The power of a government by discussion as an instrument of elevation plainly depends — other things being equal - on the greatness or littleness of the things to be discussed. There are periods when great ideas are “in the air,” and when, from some cause or other, even common persons seem to partake of an unusual elevation. The age of Elizabeth in England was conspicuously such a time: the new idea of the Reformation in religion, and the enlargement of the monia mundi by the discovery of new and singular lands, taken together, gave an impulse to thought which few if any ages can equal; the discussion, though not wholly free, was yet far freer than in the average of ages and countries,- accordingly, every pursuit seemed to start forward. Poetry, science, and architecture, different as they are, and removed as they all are at first sight from such an influence as discussion, were suddenly started onward. Macaulay would have said you might rightly read the power of discussion in the poetry of Shakespeare, in the prose of Bacon, in “the oriels of Longleat and the stately pinnacles of Burleigh.”* This is in truth but another case of the principle of which I have had occasion to say so much as to the character of ages and countries : if any particular power is much prized in an age, those possessed of that power will be imitated, those deficient in that power will be despised ; in consequence, an unusual quantity of that power will be developed and be conspicuous. Within certain limits vigorous and elevated thought was respected in Elizabeth's time, and therefore vigorous and elevated thinkers were many; and the effect went far beyond the cause, -it penetrated into physical science, for which very few men cared, and it began a reform in philosophy to which almost all were then opposed. In a word, the temper of the age encouraged originality; and in consequence original men started into prominence, went hither and thither where they liked, arrived at goals which the age never expected, and so made it ever memorable.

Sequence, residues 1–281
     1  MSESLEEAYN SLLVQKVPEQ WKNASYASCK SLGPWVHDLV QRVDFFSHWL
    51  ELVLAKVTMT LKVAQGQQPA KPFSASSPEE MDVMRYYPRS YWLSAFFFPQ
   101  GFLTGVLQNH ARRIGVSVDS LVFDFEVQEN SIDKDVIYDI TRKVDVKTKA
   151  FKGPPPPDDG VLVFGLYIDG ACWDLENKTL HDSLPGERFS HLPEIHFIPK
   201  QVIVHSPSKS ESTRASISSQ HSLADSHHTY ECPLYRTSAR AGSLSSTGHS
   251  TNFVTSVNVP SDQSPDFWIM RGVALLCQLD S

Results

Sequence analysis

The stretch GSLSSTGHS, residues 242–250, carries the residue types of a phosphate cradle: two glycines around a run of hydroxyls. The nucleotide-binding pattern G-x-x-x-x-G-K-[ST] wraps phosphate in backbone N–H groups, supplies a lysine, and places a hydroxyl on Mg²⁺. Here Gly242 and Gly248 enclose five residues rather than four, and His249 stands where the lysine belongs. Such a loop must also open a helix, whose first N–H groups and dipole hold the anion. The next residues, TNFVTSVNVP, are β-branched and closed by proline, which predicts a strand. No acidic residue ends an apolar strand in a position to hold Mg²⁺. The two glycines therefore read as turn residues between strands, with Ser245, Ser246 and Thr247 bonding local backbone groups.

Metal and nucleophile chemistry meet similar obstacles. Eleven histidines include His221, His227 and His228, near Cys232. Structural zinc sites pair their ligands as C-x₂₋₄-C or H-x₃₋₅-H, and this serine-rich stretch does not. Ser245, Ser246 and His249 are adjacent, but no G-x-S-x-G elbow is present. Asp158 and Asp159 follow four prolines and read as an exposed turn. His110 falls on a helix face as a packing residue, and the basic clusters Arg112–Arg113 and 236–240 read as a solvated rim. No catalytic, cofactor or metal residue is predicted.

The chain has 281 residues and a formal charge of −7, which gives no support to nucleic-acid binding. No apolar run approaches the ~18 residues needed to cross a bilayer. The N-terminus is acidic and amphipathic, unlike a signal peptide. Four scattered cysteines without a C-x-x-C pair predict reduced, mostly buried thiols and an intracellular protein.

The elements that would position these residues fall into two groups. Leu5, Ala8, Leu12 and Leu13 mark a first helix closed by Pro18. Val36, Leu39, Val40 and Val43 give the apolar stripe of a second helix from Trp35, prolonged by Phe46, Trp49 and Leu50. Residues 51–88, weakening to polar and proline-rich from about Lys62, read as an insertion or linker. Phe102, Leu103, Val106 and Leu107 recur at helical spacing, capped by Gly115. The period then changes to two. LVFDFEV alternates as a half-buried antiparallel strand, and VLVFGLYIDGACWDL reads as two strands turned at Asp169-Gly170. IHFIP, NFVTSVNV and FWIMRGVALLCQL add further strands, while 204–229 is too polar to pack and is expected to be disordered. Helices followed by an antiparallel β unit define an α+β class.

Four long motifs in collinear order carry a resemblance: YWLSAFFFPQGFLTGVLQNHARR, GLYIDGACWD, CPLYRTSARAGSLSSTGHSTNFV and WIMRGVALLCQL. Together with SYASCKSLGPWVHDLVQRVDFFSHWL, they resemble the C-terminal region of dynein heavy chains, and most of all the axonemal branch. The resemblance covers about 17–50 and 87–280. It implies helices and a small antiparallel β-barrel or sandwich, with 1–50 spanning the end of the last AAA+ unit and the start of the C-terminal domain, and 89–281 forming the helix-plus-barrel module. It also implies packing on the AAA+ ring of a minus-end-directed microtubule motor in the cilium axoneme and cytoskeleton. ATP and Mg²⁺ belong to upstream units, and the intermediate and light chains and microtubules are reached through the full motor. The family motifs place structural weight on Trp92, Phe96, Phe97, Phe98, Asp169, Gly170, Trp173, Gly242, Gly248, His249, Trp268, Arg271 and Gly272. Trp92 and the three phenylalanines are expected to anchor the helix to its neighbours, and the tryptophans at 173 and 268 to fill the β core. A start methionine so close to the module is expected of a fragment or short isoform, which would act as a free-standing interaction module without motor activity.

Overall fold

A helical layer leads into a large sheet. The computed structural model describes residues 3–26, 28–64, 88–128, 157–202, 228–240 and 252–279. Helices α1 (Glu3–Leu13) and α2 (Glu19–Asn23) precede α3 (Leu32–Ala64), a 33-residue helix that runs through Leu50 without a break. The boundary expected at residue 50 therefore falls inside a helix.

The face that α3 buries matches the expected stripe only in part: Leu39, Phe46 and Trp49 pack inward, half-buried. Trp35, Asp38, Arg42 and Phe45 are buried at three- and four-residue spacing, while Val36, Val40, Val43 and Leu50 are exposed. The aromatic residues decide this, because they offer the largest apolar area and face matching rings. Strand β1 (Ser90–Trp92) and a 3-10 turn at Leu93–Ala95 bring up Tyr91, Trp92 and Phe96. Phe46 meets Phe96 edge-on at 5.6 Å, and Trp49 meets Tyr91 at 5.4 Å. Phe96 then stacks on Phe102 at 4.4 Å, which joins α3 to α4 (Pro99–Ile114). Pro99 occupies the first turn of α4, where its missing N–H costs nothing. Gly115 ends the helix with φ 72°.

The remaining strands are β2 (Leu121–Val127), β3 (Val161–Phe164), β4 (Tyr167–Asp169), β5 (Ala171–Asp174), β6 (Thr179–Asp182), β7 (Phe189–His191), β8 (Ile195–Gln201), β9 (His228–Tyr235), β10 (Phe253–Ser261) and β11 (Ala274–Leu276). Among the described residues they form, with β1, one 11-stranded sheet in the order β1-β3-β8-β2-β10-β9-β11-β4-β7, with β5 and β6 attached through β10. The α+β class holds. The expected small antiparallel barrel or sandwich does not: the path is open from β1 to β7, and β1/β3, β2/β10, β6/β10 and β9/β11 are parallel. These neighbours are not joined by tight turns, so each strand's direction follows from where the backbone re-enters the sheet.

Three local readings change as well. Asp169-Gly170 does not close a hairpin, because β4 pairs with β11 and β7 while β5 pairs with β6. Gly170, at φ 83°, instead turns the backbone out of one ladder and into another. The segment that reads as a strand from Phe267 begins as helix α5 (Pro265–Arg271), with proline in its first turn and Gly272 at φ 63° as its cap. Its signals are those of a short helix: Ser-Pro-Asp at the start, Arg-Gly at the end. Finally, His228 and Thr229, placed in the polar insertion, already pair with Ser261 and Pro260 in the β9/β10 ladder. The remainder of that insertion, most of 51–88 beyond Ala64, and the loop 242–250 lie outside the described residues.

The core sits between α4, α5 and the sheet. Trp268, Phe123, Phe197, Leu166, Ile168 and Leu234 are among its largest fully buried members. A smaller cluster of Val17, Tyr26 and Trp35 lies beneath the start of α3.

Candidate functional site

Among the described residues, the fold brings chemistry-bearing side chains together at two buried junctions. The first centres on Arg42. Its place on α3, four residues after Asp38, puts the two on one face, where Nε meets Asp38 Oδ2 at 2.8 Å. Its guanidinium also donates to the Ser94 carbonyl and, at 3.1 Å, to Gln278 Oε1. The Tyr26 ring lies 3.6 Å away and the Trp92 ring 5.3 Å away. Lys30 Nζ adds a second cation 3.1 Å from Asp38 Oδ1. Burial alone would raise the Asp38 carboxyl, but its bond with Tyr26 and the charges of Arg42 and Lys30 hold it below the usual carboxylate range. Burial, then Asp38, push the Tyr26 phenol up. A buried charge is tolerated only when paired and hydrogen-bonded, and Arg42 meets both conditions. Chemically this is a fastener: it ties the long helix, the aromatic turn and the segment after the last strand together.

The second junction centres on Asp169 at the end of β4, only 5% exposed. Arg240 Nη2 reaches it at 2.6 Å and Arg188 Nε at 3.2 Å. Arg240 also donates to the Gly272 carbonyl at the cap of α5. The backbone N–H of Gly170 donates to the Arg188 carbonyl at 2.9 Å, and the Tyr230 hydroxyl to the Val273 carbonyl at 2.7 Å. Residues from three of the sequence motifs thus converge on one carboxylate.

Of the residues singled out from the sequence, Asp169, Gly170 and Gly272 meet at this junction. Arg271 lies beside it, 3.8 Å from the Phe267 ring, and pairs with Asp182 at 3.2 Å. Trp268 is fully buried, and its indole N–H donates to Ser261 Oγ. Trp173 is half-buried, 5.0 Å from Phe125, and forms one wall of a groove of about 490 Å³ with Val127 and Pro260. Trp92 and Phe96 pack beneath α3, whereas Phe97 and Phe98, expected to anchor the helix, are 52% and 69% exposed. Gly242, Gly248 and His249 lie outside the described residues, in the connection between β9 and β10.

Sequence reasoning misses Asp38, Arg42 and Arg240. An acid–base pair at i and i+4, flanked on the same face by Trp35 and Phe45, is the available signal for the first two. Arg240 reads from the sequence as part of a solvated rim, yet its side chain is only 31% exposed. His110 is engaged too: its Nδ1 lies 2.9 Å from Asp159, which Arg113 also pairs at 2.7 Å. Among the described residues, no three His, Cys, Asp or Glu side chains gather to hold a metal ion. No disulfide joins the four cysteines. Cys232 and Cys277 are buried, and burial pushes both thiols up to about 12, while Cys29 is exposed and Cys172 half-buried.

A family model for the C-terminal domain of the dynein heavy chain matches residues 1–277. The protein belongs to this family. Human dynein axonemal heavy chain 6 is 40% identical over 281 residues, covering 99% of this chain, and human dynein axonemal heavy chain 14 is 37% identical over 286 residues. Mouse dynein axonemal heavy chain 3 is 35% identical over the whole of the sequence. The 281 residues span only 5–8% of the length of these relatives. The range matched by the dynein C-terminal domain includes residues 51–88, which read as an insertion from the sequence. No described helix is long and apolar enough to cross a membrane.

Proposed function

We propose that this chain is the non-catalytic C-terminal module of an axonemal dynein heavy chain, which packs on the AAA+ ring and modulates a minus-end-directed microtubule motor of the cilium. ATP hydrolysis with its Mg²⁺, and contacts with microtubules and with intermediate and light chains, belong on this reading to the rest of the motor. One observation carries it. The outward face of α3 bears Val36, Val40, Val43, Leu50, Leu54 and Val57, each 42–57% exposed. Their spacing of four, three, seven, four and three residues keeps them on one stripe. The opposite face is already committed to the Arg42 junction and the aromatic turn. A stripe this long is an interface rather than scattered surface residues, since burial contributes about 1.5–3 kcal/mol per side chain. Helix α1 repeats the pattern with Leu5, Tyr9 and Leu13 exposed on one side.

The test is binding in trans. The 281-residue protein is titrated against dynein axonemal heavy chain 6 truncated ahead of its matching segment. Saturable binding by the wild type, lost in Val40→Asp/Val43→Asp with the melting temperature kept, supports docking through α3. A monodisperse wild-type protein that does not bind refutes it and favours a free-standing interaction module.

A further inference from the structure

In this manner all the great movements of thought in ancient and modern times have been nearly connected in time with government by discussion. Athens, Rome, the Italian republics of the Middle Ages, the communes and states-general of feudal Europe, have all had a special and peculiar quickening influence, which they owed to their freedom, and which states without that freedom have never communicated. And it has been at the time of great epochs of thought - at the Peloponnesian War, at the fall of the Roman Republic, at the Reformation, at the French Revolution — that such liberty of speaking and thinking have produced their full effect.
It is on this account that the discussions of savage tribes have produced so little effect in emancipating those tribes from their despotic customs.
The oratory of the North-American Indian - the first savage whose peculiarities fixed themselves in the public imagination -- has become celebrated, and yet the North-American Indians were scarcely if at all better
* Essay on History, near end. † But cf. Palfrey's “New England," i. 34.